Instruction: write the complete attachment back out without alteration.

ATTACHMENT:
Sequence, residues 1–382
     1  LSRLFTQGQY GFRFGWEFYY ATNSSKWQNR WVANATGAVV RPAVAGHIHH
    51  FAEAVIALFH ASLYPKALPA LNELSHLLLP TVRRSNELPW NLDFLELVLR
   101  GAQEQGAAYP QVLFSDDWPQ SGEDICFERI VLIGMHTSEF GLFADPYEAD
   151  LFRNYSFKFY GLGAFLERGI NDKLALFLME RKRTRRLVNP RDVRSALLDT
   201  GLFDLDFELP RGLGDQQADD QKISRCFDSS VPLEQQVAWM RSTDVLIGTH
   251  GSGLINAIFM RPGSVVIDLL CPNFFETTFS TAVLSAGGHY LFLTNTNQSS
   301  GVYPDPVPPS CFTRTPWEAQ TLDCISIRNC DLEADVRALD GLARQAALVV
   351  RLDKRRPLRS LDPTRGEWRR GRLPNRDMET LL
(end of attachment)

Sequence, residues 1–382
     1  LSRLFTQGQY GFRFGWEFYY ATNSSKWQNR WVANATGAVV RPAVAGHIHH
    51  FAEAVIALFH ASLYPKALPA LNELSHLLLP TVRRSNELPW NLDFLELVLR
   101  GAQEQGAAYP QVLFSDDWPQ SGEDICFERI VLIGMHTSEF GLFADPYEAD
   151  LFRNYSFKFY GLGAFLERGI NDKLALFLME RKRTRRLVNP RDVRSALLDT
   201  GLFDLDFELP RGLGDQQADD QKISRCFDSS VPLEQQVAWM RSTDVLIGTH
   251  GSGLINAIFM RPGSVVIDLL CPNFFETTFS TAVLSAGGHY LFLTNTNQSS
   301  GVYPDPVPPS CFTRTPWEAQ TLDCISIRNC DLEADVRALD GLARQAALVV
   351  RLDKRRPLRS LDPTRGEWRR GRLPNRDMET LL